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Sunday will be the 99th running of the Indianapolis 500, but it would be ignorant of IndyCar to ignore the issues of a compressed May schedule. IndyCar cannot afford to have the national media ignore cars posting speeds of 234 mph because accidents that can’t be explained are happening multiple times in one week. Hulman & Co. CEO Mark Miles and IndyCar Derrick Walker need to lead from the front when these issues arise instead of reading the tea leaves then making a decision.

Honda won’t say it, but they were done wrong by IndyCar this weekend. I’m not a fan of making up the rules as we go, and I’m not a fan of the appearance of IndyCar shenanigans.

But for some stupid reason, I’m still a fan of IndyCar.

Leave a comment below or e-mail me at

Wednesday Wheels - November 12

Hi, it’s been a long time since I’ve written in this space. I’m back. Back when I started this site last year, my goal was to write here at the very least three times per week. Then life and the rest of the network got in the way. For now, I’ll start with trying to write every Wednesday and we’ll go from there. I don’t have a name I like for this column, but I’ll come up with something. If you’ve ever read any of the “College Quickies” we do at the College Football Roundtable, this will have a similar feel.

NASCAR: Touching is racing. Finale should be Stupendous

Let’s get the full disclosure out of the way right now: I’m not a fan of NASCAR’s new Chase format. In fact, I’m not a fan of the Chase at all, but writers have already wasted enough words on it, so the 32 I just wasted was more than enough. While we’re getting things out of the way, I’ll say this: most fans' commitment to one driver has blinded their objectivity about racing. What’s that mean? Stock car racing is about driving, and when someone is in your way, it’s about moving that person out of the way. If you’re interested in racing where no one touches anyone, and the racing is actually about speed and grace, then open-wheel racing is for you.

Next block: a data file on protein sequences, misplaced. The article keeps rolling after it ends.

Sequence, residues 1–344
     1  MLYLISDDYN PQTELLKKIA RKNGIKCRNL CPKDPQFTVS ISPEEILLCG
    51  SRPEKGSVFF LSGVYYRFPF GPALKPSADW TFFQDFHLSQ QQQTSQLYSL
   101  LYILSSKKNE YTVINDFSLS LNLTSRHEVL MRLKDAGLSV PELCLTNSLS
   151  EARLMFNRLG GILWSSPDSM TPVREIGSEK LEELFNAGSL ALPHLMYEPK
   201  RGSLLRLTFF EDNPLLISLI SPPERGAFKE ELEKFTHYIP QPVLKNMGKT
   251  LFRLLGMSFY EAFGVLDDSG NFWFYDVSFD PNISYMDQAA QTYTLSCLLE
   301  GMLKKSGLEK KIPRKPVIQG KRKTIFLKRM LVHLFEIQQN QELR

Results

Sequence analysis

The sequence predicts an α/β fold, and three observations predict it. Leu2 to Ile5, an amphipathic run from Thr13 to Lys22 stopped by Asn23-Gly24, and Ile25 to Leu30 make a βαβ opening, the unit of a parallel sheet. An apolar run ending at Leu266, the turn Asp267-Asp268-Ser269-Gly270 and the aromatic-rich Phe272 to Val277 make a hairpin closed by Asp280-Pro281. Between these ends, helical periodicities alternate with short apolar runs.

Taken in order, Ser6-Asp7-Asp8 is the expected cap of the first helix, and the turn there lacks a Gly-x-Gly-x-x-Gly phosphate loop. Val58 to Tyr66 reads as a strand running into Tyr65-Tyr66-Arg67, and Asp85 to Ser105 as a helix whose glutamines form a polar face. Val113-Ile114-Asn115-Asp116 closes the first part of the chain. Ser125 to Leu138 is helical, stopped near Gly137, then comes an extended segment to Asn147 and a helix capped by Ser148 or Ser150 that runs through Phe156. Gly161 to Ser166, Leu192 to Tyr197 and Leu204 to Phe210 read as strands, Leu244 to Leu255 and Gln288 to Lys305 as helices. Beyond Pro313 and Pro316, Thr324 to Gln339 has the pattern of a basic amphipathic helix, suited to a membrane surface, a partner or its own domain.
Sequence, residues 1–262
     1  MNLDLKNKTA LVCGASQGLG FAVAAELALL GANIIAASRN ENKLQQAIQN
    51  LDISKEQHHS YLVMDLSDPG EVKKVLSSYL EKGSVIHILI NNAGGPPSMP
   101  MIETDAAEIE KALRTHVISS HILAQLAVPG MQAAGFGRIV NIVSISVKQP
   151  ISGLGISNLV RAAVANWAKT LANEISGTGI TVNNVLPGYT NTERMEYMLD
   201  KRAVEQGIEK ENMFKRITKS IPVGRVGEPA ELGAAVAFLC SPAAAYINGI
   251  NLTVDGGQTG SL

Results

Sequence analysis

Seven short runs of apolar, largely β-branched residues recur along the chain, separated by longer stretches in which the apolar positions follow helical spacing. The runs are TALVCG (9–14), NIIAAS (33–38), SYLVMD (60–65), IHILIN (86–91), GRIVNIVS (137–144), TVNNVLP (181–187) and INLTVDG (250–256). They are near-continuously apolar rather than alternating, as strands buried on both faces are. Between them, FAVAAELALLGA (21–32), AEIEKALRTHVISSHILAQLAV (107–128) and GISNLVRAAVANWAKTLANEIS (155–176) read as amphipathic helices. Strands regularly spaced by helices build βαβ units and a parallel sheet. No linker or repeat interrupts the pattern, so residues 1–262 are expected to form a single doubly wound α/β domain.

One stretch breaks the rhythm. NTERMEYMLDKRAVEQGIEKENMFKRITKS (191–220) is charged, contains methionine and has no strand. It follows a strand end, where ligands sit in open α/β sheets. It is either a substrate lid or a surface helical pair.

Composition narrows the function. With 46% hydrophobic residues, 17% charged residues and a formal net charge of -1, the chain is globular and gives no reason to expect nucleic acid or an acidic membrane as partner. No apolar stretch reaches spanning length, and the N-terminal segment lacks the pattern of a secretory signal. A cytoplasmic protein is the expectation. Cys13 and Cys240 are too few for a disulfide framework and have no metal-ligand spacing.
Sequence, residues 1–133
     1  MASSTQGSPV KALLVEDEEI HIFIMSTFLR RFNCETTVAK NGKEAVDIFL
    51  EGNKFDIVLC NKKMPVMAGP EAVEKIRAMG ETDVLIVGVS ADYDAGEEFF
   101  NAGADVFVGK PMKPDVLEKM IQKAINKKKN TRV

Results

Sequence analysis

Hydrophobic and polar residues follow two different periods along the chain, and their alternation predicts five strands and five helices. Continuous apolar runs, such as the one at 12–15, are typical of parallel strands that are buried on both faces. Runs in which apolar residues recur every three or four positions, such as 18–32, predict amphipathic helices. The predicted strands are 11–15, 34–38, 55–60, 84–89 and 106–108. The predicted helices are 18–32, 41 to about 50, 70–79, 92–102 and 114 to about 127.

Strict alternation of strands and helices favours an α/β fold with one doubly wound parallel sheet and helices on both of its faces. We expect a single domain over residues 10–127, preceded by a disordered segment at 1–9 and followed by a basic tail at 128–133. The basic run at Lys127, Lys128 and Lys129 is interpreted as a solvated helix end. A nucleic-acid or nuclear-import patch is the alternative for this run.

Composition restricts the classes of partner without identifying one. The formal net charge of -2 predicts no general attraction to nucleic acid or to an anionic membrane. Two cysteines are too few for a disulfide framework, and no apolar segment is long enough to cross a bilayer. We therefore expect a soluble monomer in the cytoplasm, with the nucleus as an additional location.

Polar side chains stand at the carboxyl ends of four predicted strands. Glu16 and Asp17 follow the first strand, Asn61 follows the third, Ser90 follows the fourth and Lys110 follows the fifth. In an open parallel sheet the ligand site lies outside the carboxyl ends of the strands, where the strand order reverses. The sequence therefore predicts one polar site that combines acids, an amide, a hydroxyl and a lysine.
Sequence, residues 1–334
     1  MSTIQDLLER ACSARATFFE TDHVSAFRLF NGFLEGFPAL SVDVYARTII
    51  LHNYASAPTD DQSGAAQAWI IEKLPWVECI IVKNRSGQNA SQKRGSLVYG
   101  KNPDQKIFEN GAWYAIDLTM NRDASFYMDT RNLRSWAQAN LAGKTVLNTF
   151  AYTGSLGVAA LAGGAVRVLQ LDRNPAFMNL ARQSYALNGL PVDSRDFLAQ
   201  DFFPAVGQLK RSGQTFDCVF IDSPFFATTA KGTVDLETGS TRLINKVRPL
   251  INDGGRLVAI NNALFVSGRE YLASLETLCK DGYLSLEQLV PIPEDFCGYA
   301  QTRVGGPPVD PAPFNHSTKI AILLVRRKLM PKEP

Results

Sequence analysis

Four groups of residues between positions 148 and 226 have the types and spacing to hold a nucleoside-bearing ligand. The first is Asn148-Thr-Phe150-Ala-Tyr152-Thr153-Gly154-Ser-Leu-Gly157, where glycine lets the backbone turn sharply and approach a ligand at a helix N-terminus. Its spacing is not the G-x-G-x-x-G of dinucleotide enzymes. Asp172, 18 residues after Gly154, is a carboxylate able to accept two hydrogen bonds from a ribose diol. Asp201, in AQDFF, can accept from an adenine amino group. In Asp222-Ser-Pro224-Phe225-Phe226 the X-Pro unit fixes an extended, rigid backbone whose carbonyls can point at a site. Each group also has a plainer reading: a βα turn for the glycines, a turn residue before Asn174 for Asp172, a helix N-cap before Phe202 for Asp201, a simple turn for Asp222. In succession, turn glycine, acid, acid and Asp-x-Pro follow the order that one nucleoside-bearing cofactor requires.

Make sure you watch and listen to that video. It’s from Richard Childress Racing, and it’s great. Yeah, Childress owns Newman, so there’s some bias there, but the message is the same.

I love open-wheel racing, but stock car racing isn’t open-wheel. I get that many Jeff Gordon fans are upset about Ryan Newman moving Kyle Larson to advance to the Championship 4 (terrible name, btw) this weekend at Homestead, but it is what it is. NASCAR is built on the ability of its cars and drivers being able to take a punch, either by car or fist, and all Newman did is what racers in the sport have done for years.

Yes, I’m a Gordon fan, and I’d love to see him get a Cup Championship so everyone can shut up about how he can’t compete and how old he is, but it isn’t happening in 2014. Finishing 29th at Texas didn’t help his case. He did what he needed to do, but Ryan Newman gets paid millions per year and he did what he needed to do, too. Newman did more than Gordon.

So, I’ll bring in the oldest analogy NASCAR fans of sick of seeing: If Dale Earnhardt, Sr. had done same thing under the same circumstances, would anyone be complaining?

Didn’t think so.

Homestead will be great, and the brawl after will be just as exciting.

IndyCar Needs To Move Beyond 500

I love the Indianapolis 500. It’s my birthday gift to myself every year, and it’s truly IndyCar’s most important event. It’s so important, that I have the feeling IndyCar is sacrificing the rest of the sport to prop up one month.

Last year, IndyCar decided they didn’t want to compete with the NFL, so it no longer has any races after Labor Day. There was a small glimmer of hope that would change in 2015, but it isn’t the case. IndyCar shuffled the deck chairs and moved the schedule around a bit, but did nothing significant to improve its schedule.

I’m sure New Orleans will be great, finding a way to stay in Baltimore and Houston while adding NOLA would have been more impressive. Sure, I’d take another oval or two, but as I’ve said before, for the sport to survive it has to bring in more road races and street circuits. The die-hards want speed, and the casuals want to look at more than cars going in left-hand circles.

That’s the harsh reality of IndyCar right now. It does itself no favors by seemingly propping up the month of May as the only thing the sport can stand on while the rest of the schedule languishes. A few weeks ago I suggested they return to Cleveland, and I’m not stupid enough to think that would ever actually happen, but it should find a way to extend the season beyond Labor Day.